Archive for September, 2010

A year ago, I was once again stuck in family court. Ex was dragging me there one more time for unreimbursed medical expenses, mostly orthodontic, for my girls.  Ex did not want to use my dental insurance, did not ask health providers to fill insurance claims and was instructing health providers not to speak to me. Our case was assigned to a new  Support Magistrate, let us call her Kukuk. Not the overtly biased type like S.M. Grey but the whimsical, lunatic one. Kukuk first found me in violation and gave me the whole enchilada: the claimed unreimbursed orthodontic expenses and ex-wife lawyers fees. Four months later, she waved the Court order but finally reinstated it for the only reason that I could not be in Court the day she wanted me to. In Manhattan family court, facts and the search for justice are rarely the guide of magistrates’ decisions.

Kukuk’s ruling was proving one more time that in Manhattan Family Court, non-sense would never end. I decided to have my divorce agreement amended in Supreme Court. Some thousands of dollar later, I have a Supreme Court order stating that I can speak to the health providers of my daughters, use my dental and vision insurance for them (which by New York State law, I have to have), and that my ex and I will go over medical expenses at the end of the year: a definite breakthrough for family justice in New York State.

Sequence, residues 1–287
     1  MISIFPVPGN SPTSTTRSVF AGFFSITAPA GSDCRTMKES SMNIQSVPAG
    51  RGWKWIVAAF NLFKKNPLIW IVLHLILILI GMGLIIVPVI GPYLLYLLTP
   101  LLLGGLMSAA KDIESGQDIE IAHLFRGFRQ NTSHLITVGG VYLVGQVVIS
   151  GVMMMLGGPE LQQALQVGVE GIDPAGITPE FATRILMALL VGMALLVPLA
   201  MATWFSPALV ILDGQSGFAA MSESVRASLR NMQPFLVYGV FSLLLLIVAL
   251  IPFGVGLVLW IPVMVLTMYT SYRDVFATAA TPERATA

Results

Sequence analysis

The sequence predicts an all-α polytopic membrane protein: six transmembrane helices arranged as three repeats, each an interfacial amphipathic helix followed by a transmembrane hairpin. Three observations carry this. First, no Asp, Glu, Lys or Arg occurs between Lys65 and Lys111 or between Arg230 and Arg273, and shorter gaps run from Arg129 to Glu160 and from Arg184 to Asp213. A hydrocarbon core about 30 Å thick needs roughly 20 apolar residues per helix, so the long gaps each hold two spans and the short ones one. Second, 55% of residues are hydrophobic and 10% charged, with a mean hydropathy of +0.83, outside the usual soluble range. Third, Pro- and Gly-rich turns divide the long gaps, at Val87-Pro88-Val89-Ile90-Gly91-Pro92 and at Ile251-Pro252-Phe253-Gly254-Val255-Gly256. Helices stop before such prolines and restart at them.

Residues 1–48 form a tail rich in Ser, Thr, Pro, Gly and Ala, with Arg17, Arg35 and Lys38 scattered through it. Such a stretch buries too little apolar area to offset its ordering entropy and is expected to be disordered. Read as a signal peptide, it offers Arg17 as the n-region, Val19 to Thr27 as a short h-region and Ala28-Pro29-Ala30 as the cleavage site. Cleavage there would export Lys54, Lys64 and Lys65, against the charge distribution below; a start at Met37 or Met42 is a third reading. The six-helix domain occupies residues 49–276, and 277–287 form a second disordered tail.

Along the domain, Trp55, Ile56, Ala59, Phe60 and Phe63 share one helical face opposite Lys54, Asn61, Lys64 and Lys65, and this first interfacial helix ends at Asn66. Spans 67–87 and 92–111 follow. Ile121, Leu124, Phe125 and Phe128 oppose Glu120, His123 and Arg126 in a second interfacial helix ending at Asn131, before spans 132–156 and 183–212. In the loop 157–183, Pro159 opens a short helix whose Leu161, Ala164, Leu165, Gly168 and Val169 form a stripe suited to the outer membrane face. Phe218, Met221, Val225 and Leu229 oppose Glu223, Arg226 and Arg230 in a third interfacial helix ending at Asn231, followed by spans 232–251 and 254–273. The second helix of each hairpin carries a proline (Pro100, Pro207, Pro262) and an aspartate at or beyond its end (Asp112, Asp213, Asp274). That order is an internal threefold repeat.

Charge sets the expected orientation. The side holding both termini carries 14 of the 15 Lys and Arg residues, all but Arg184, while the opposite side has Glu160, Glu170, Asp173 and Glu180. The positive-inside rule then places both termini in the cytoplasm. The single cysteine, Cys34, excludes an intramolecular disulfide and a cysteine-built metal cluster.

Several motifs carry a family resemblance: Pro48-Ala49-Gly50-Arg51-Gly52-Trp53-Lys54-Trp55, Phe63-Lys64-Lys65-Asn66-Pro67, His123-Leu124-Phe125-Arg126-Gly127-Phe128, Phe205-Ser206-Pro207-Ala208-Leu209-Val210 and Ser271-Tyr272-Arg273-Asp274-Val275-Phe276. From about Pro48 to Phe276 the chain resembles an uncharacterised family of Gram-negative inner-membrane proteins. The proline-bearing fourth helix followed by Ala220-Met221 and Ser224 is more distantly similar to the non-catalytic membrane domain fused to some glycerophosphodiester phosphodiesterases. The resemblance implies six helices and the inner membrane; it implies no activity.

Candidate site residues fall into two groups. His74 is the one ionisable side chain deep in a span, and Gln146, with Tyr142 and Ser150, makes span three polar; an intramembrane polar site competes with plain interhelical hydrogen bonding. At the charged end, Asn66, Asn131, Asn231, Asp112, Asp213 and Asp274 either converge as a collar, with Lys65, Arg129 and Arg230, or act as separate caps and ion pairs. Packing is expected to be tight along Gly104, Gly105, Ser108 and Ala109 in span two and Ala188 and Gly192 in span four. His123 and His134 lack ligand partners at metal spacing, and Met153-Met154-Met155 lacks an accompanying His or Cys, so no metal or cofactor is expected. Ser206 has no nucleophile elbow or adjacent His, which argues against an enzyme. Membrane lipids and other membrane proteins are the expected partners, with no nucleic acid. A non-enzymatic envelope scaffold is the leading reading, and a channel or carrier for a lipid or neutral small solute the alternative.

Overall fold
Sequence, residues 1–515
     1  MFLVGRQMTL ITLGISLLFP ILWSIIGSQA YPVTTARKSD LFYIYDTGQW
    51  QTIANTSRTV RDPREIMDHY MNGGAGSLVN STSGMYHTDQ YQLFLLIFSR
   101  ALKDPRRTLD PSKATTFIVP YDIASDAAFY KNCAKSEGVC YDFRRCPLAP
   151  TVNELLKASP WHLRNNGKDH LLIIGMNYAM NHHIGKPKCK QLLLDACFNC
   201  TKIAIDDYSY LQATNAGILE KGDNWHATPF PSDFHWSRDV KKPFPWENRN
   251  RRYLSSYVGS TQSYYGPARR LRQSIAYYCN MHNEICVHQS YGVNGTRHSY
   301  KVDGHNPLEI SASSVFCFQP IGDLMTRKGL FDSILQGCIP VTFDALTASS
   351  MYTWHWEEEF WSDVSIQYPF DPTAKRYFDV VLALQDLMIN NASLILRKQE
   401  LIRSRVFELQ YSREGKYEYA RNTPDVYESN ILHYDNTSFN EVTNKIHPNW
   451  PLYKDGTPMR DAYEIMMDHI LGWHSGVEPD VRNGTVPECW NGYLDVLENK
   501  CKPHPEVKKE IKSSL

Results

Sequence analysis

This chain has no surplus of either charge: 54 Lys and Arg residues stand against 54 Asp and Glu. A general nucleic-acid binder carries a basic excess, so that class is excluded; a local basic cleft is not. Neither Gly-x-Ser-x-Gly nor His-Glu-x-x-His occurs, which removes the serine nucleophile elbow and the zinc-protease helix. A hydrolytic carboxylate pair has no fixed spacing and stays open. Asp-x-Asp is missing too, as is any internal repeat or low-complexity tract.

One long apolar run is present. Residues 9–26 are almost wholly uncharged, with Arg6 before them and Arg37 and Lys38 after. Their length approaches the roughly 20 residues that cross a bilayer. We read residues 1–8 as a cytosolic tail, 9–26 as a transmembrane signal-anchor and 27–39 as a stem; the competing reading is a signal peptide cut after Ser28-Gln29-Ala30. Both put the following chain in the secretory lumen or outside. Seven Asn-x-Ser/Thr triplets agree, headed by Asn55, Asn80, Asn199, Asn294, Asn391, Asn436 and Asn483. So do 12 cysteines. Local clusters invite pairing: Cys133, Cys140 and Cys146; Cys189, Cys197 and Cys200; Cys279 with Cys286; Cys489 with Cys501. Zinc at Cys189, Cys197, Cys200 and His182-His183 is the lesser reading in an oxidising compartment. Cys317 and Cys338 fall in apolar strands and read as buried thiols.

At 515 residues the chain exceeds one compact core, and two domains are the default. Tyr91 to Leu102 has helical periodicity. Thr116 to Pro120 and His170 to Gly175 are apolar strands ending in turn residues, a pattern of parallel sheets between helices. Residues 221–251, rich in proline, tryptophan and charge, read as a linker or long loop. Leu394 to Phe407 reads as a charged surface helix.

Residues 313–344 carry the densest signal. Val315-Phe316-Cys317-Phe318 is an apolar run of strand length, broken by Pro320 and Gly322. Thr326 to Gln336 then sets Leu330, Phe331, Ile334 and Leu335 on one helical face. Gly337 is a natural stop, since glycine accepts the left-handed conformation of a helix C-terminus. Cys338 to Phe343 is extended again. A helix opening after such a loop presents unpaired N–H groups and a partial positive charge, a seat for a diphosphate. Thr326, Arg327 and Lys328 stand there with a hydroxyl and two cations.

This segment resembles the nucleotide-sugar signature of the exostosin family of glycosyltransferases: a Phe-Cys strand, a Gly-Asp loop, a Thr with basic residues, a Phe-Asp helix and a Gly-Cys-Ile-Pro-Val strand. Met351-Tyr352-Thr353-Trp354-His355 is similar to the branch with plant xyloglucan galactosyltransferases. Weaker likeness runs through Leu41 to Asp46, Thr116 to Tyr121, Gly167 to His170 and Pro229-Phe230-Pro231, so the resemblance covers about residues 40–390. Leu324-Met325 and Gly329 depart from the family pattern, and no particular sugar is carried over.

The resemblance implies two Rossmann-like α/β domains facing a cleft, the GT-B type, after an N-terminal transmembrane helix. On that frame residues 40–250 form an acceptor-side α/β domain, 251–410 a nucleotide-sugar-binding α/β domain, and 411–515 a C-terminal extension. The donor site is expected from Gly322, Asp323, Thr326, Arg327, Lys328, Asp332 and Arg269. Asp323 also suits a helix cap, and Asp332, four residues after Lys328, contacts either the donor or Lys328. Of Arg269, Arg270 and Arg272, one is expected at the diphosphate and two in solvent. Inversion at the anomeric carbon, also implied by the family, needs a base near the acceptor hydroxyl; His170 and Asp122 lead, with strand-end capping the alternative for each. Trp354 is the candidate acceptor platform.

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Today September 10 is the anniversary of my last supervised visit in 2005. Five years since I have not seen my girls.

There is not one day that I do not think of this irremediably wasted years of not having seen them grow up.  On this somber

Mesrine. Public Ennemy number 1 (Jean-François Richet, 2008)

anniversary, I also think of possible types of reunions.  The tragic and yet beautiful type is Wanda Rodriguez’s  with his father on his dead bed, thanks to pure fluke; The tragically funny one is Jacques Mesrine’s with his daughter, depicted in the movie  Mesrine, Public ennemy number 1(Jean -François Richet, 2008). Mesrine sees for the first time in years his daughter in a jail visiting room. Father and daughter are both clearly moved, and they don’t know what to say to one another. Mesrine,  the worst gangster of France in the seventies, tells his girl: ” you grew up beautiful”. And adds : “I hope you are not hanging out with punks on mopeds”.

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